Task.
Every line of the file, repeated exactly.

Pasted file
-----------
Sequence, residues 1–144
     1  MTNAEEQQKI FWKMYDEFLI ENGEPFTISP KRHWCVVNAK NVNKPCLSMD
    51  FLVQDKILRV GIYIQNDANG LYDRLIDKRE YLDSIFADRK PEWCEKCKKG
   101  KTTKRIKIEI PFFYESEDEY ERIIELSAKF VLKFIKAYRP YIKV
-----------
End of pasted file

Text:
Sequence, residues 1–144
     1  MTNAEEQQKI FWKMYDEFLI ENGEPFTISP KRHWCVVNAK NVNKPCLSMD
    51  FLVQDKILRV GIYIQNDANG LYDRLIDKRE YLDSIFADRK PEWCEKCKKG
   101  KTTKRIKIEI PFFYESEDEY ERIIELSAKF VLKFIKAYRP YIKV